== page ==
In the cases of Nixon, In Re Sealed Case and Judicial Watch, somehow provide the elements of presidential communications privilege, to wit:
1) The protected communication must relate to a quintessential and non-delegable presidential power.
2) The communication must be authored or solicited and received by a close advisor of the President or the President himself. The judicial test is that an advisor must be in operational proximity with the President.
3) The presidential communications privilege remains a qualified privilege that may be overcome by a showing of adequate need, such that the information sought likely contains important evidence and by the unavailability of the information elsewhere by an appropriate investigating authority.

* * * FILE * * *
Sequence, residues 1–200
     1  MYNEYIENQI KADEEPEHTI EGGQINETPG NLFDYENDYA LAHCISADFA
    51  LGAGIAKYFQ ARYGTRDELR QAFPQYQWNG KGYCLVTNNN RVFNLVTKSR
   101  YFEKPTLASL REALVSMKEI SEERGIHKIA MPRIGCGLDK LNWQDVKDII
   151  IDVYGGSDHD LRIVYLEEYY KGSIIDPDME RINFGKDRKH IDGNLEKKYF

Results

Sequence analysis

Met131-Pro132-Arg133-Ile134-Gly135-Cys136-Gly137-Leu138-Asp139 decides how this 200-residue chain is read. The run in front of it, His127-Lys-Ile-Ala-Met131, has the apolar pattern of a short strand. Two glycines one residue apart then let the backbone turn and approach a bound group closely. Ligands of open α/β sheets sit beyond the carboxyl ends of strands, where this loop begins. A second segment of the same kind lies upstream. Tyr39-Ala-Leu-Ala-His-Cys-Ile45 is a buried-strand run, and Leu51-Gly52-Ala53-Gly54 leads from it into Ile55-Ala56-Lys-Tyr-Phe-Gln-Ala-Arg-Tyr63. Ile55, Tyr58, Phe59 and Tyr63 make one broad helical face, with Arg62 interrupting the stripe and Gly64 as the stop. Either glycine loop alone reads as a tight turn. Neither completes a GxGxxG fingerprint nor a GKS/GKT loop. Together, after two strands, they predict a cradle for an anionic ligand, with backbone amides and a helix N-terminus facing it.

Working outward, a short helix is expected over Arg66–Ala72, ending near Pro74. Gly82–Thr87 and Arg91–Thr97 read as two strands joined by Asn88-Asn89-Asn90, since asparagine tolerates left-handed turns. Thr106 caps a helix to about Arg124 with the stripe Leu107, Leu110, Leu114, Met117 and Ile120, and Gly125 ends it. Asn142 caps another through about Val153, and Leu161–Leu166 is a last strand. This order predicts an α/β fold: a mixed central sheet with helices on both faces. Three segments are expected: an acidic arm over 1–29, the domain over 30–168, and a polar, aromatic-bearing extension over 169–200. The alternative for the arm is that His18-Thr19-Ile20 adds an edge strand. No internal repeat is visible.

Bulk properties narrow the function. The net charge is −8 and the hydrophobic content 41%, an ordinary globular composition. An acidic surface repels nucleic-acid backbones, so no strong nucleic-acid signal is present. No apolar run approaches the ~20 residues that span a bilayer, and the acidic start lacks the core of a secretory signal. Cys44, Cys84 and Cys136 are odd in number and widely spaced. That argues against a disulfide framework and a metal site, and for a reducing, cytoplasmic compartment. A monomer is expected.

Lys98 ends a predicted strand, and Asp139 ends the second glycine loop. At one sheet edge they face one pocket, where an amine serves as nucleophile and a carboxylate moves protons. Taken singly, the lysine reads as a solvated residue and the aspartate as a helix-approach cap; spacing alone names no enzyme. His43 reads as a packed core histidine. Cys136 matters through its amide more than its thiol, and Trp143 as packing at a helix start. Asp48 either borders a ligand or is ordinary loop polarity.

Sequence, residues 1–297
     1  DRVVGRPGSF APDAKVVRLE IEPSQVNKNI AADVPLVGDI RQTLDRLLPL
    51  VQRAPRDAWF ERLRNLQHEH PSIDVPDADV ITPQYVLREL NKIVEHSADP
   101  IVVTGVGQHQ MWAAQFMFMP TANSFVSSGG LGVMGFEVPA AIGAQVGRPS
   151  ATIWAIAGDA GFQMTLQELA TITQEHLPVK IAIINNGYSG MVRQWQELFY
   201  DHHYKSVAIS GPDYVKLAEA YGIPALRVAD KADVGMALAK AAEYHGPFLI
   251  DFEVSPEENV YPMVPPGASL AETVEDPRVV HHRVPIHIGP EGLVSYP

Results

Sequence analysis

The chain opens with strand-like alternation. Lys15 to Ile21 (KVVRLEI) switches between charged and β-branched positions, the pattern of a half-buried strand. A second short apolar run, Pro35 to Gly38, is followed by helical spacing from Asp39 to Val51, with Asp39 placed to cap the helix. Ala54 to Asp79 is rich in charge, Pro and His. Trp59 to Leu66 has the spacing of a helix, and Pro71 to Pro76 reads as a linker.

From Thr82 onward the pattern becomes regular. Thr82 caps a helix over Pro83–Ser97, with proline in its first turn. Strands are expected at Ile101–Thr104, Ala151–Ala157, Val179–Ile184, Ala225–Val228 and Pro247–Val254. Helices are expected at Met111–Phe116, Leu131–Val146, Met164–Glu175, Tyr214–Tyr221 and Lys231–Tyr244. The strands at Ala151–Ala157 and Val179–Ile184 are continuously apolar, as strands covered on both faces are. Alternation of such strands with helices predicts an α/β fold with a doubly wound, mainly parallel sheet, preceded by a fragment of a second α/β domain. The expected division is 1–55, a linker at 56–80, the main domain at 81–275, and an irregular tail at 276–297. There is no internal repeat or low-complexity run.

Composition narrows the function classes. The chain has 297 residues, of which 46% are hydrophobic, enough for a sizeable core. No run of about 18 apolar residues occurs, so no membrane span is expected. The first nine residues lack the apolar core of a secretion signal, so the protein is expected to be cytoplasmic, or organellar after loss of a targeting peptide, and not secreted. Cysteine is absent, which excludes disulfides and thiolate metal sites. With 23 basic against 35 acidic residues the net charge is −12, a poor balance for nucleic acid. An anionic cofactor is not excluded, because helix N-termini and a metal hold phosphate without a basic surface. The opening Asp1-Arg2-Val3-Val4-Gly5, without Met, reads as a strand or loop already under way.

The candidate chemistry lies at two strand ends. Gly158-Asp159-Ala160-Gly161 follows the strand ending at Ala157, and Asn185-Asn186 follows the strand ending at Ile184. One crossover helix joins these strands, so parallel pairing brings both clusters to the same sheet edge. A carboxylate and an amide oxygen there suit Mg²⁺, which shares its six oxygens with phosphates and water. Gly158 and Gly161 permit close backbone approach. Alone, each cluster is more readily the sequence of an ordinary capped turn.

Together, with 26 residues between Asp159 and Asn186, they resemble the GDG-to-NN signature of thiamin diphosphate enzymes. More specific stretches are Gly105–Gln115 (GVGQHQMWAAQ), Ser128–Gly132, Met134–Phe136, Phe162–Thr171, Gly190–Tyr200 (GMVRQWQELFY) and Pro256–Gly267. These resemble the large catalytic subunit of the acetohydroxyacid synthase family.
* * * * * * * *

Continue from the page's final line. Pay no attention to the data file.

Using the above elements, we are convinced that, indeed, the communications elicited by the three (3) questions are covered by the presidential communications privilege. First, the communications relate to a quintessential and non-delegable power of the President, i.e. the power to enter into an executive agreement with other countries. This authority of the President to enter into executive agreements without the concurrence of the Legislature has traditionally been recognized in Philippine jurisprudence. Second, the communications are received by a close advisor of the President. Under the operational proximity test, petitioner can be considered a close advisor, being a member of President Arroyos cabinet. And third, there is no adequate showing of a compelling need that would justify the limitation of the privilege and of the unavailability of the information elsewhere by an appropriate investigating authority. Here, the record is bereft of any categorical explanation from respondent Committees to show a compelling or citical need for the answers to the three (3) questions in the enactment of a law. Instead, the questions veer more towards the exercise of the legislative oversight function under Section 22 of Article VI rather than Section 21 of the same Article. Senate v. Ermita ruled that the the oversight function of Congress may be facilitated by compulsory process only to the extent that it is performed in pursuit of legislation.